The noble Earl described the terrors which might menace the small white population in the Transvaal if they had 100,000 Chinamen in their rear. The noble Earl likes to make our flesh creep. I do not think there is this serious menace of the white population in the Transvaal. I agree with the noble Lord that the Chinaman is not a desirable inhabitant of a white country. He is a useful man upon occasions; he has been very useful to my noble friend and myself; he has washed our dirty linen in private, and has grown our cabbages, and he is willing to work for a lower wage than the white man. He is not unlike the Russian and the Pole who settle in the East End of London, and as such the Australian Government were doing what was only their duty to those whom they represented in urging upon the Secretary of State that the Chinaman should be excluded from the colony. But surely, my Lords, the position is quite different in this case. In Australia the Chinese had come in freely, and the difficulty was to get rid of them. The stable door had been left open, and the undesirable animal was allowed to come in and roam about where he pleased. In the case of the Transvaal it is proposed to put him in a comfortable loose-box where he can do no harm, and when his work is done he will go back to his own country with a nice little sum in his pocket. The noble Earl said he would be more difficult to get out than the white ant. I cannot help thinking that there is a little discrepancy in the argument of the noble Earl when he complains of the restrictions on the one hand which are to be placed on the Chinese, and on the other that they will run all over the place and will not be able to be restrained. I believe the precautions which Lord Milner is about to take will be amply sufficient to avoid all the evils which the noble Earl fears. I do not know where the noble Earl got the statement that Lord Milner's prophecies always come untrue; I do not know where he got the quotation that Lord Milner said the Boers would at no time fight the British. In the course of the negotiations, just as in the course of the recent negotiations between Russia and Japan, there may have been moments when it was impossible to conceive that such a thing as war would take place; but because Lord Milner said that at some time or other, I cannot admit that he is a prophet without honour. Then the noble Marquess opposite said last night that there was no precedent in the whole of the King's dominions for such a course as that proposed in this case.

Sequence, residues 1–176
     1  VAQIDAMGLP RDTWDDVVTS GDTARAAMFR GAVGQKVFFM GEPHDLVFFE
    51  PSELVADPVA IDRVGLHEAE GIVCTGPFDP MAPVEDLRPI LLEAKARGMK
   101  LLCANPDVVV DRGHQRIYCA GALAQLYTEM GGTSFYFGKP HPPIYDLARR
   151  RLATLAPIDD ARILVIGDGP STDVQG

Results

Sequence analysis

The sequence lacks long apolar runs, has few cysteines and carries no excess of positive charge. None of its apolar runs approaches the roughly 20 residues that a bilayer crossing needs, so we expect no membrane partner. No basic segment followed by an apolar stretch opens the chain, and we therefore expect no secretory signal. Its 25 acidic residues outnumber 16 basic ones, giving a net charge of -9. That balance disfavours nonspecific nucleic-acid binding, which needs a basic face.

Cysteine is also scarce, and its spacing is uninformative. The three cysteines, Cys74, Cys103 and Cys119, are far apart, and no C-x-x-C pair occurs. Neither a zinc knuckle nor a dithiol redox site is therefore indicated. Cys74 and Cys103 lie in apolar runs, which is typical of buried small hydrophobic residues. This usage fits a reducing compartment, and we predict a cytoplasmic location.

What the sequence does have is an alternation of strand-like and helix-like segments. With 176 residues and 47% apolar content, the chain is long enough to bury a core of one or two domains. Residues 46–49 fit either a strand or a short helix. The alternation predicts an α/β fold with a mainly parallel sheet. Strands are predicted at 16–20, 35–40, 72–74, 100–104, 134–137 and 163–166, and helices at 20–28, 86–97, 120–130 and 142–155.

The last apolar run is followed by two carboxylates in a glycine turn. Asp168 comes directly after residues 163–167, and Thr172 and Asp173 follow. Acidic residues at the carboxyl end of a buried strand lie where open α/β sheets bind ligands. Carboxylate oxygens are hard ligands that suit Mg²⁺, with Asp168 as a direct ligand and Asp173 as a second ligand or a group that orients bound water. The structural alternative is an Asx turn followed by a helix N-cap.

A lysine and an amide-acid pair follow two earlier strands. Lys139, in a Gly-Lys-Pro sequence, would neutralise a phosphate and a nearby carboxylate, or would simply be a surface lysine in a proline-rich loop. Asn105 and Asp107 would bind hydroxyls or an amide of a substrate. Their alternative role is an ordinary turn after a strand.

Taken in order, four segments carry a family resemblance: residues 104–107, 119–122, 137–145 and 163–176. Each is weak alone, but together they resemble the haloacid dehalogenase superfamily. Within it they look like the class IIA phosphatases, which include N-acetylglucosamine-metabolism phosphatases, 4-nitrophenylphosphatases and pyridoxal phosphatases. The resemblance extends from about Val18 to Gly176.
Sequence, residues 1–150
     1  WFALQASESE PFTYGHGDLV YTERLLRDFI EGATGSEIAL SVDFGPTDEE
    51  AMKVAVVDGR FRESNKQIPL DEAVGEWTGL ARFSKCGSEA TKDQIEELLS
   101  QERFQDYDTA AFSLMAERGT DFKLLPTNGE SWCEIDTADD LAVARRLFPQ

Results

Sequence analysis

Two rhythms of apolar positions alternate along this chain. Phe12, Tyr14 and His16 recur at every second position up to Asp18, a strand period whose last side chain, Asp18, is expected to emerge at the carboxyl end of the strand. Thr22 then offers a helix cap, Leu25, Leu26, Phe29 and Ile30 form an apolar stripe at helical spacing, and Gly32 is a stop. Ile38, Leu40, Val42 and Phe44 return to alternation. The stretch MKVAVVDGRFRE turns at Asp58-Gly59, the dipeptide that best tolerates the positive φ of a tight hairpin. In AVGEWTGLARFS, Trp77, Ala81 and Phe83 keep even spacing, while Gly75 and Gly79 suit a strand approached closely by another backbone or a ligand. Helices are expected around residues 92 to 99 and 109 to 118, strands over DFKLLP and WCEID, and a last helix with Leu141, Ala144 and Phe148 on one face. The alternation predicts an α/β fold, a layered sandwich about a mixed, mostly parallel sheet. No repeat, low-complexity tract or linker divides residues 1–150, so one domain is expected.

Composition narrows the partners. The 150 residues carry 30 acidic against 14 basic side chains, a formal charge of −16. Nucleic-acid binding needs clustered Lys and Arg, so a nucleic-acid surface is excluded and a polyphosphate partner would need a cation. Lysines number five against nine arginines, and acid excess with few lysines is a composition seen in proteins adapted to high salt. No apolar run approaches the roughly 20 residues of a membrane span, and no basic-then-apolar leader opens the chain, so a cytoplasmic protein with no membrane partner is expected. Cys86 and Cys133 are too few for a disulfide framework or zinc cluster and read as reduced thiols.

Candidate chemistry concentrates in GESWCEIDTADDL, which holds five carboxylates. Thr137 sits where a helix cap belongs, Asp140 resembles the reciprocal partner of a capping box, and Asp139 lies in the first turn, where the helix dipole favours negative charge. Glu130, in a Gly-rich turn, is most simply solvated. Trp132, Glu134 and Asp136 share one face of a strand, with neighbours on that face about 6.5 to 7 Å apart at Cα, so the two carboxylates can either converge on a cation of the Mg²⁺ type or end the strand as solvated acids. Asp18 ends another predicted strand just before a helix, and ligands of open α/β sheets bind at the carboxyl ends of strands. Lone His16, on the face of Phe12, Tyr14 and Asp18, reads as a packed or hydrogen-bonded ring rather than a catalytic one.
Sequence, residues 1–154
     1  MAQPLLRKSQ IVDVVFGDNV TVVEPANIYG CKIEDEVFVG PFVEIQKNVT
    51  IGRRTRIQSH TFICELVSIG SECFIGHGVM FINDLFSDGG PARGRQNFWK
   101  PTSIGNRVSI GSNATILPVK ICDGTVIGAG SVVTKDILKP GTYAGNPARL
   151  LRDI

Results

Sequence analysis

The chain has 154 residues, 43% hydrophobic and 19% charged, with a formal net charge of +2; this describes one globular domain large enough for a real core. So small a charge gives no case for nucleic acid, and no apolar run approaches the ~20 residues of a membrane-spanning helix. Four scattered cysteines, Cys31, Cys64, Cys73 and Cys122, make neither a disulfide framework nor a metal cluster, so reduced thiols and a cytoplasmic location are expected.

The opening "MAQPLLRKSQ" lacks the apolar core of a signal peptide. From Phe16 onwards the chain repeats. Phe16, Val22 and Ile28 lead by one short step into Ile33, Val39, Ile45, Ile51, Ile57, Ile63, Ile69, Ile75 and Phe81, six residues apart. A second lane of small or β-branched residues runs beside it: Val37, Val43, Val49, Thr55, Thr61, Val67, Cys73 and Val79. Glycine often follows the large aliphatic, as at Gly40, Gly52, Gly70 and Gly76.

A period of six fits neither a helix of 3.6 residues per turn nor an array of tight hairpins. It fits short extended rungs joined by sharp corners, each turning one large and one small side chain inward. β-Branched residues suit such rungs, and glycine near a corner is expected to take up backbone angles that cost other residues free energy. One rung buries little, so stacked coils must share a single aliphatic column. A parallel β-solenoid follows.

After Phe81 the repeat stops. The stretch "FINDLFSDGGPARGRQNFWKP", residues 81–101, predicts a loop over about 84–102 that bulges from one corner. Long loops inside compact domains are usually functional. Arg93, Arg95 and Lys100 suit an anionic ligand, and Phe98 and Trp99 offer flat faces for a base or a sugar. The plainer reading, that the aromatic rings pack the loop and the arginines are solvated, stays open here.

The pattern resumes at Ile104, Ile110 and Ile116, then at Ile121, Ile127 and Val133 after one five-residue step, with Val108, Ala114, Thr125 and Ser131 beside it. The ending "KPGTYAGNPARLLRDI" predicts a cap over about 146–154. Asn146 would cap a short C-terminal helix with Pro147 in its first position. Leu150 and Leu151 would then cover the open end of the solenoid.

I made the statement on the authority of the Colonial Secretary.


Of course, I do not suggest that anything exactly the same has taken place, but for many years past it has been the practice to import indentured coloured labourers into the West Indian Colonies. There is a great similarity between the conditions.




I will point out what the similarity is. In the first place, the Indian coolie is just as much obliged to reside on the plantation as it is proposed that the Chinaman should be obliged to reside in the compound. He cannot leave his plantation without a pass, and he may be fined for deserting from his labour. All these things are identical with the proposals which it is suggested should be made in the Transvaal, and, so far as I know, they have not been looked upon as a condition of slavery by the coolies who are subject to them. Last year I believe there were 14,600 coolies in British Guiana. There were only six complaints made by them, and four were dismissed. Some 1,150 went back to their homes and took with them £9,000, whilst they had remitted £2,000 to their relatives. To show that they did not consider that they were badly treated, although every discouragement was placed in the way of their coming back, 359 returned. The noble Marquess said that it was proposed to bring 196,000 Chinese into the Transvaal. The noble Earl was in error. On the contrary, it has always been the policy of Lord Milner that no stone should be left unturned to get a sufficient number of Kaffir labourers to balance the Chinese who may be imported. What is proposed is to bring in an experimental batch of 10,000, and I can only express the hope that Lord Milner will be successful in getting as many.